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Processing speed in children treated for brain tumors: effects of radiation therapy and age.

Authors
  • Jacobson, Lisa A1, 2
  • Mahone, E Mark1, 2
  • Yeates, Keith O3
  • Ris, M Douglas4, 5
  • 1 a Department of Neuropsychology , Kennedy Krieger Institute , Baltimore , MD , USA.
  • 2 b Department of Neuropsychology , Johns Hopkins University School of Medicine , Baltimore , MD , USA.
  • 3 c Department of Psychology, Alberta Children's Hospital Research Institute, and Hotchkiss Brain Institute , University of Calgary , Calgary , Canada. , (Canada)
  • 4 d Department of Pediatrics, Section of Psychology , Texas Children's Hospital , Houston , TX , USA.
  • 5 e Department of Pediatrics, Section of Psychology , Baylor College of Medicine , Houston , TX , USA.
Type
Published Article
Journal
Child Neuropsychology
Publisher
Informa UK (Taylor & Francis)
Publication Date
Feb 01, 2019
Volume
25
Issue
2
Pages
217–231
Identifiers
DOI: 10.1080/09297049.2018.1456517
PMID: 29621934
Source
Medline
Keywords
Language
English
License
Unknown

Abstract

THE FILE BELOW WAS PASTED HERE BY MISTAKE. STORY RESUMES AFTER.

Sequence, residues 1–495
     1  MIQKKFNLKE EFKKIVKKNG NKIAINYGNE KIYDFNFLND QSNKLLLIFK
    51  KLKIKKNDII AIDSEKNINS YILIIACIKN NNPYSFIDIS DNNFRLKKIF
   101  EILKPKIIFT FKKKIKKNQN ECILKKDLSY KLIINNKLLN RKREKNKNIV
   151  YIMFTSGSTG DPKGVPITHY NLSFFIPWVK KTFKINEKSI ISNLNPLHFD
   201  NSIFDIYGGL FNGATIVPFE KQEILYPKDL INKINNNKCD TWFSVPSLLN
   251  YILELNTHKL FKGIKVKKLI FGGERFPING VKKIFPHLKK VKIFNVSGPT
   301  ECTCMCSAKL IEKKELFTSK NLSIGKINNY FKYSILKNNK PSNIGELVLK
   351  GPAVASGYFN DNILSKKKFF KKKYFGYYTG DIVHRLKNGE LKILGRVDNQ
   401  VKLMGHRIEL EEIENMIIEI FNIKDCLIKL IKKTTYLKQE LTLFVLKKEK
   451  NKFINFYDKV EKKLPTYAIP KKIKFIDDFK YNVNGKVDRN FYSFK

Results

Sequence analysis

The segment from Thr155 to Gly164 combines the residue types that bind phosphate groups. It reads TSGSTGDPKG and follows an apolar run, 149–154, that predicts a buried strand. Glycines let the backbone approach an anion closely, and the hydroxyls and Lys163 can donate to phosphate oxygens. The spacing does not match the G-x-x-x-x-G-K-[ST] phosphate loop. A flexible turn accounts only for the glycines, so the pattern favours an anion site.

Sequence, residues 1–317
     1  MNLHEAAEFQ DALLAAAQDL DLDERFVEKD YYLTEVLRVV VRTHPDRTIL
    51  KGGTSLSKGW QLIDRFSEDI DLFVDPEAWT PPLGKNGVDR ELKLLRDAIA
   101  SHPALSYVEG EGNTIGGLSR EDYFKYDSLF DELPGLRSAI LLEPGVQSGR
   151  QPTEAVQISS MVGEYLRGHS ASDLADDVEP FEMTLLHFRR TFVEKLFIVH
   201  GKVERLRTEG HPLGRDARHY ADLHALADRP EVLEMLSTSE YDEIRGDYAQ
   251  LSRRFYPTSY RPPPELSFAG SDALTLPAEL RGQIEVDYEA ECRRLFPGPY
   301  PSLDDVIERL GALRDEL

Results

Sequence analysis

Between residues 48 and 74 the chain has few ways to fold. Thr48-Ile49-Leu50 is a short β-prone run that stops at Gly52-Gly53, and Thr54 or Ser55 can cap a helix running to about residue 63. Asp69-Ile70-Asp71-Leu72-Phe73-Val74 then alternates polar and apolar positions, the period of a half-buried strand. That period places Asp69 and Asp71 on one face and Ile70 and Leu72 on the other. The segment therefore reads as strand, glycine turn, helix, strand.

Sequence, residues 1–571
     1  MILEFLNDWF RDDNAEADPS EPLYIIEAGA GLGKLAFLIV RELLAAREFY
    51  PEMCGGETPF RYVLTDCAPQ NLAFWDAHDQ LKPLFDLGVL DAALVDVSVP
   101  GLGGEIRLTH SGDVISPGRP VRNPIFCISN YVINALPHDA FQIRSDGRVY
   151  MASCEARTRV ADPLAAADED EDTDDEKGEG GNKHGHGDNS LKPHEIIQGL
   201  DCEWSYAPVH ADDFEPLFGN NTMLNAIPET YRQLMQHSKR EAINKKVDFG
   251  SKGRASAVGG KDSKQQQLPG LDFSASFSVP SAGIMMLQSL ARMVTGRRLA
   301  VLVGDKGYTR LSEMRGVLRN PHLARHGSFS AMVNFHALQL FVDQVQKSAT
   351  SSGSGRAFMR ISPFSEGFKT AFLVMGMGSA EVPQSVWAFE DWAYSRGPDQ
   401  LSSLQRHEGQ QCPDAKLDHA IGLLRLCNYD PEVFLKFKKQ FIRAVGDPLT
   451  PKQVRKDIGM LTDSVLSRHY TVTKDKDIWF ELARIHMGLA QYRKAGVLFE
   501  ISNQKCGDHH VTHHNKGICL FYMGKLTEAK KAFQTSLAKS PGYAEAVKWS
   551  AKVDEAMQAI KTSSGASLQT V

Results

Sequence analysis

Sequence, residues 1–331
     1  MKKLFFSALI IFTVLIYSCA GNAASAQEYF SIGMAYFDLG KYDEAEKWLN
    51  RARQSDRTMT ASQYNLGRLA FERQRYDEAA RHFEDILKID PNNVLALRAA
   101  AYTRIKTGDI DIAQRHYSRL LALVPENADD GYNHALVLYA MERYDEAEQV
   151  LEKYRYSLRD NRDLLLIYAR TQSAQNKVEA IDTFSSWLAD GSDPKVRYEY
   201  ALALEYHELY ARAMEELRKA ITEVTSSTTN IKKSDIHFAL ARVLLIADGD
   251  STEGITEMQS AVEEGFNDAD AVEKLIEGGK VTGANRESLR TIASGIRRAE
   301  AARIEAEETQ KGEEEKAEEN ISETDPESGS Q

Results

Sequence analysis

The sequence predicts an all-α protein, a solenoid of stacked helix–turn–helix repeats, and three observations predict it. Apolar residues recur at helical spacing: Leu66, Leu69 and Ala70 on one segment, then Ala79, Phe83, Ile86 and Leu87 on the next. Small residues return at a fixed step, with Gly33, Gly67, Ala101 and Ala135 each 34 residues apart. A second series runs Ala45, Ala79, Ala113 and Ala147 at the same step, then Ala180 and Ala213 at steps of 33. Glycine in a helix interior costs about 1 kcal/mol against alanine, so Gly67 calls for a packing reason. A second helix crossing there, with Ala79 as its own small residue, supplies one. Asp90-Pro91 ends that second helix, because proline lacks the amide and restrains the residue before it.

The current study examined processing speed in children two years post-treatment for brain tumors (BT) with radiation therapy (RT) compared to those treated with without RT. Participants included 59 children (4-17 years) with BT assessed as part of the Brain Radiation Investigative Study Consortium (BRISC). Processing speed was assessed at two time points: Time1 (3-9 months post-surgery) for 26 children who received whole brain or focal RT (RT group) and 33 treated without RT (no-RT group), and again two years later (Time2) for 42 participants (17 RT, 25 no-RT). Linear mixed effects (LME) regression analyses examined differences in cognitive and motor speed between groups and across visits, with age at Time1 (age1) treated as a moderating variable, and sex and primary tumor size as covariates. No effects for treatment group or visit were found for motor speed (Pegboard) or mean reaction time (Attention Network Task). On the Wechsler Processing Speed Index (PSI), the no-RT group performed better than the RT group, with a group-by-age interaction such that across visits, the difference between the no-RT and RT groups was larger among children who were older at initial treatment (≥10 years) than among those who were younger (<10 years). Cumulative brain injury earlier in life (tumor, surgery, plus RT) may result in greater impact on more complex tasks of cognitive efficiency. Children receiving RT showed reduced processing speed over time, with a larger group difference among those who were over 10 years at treatment.

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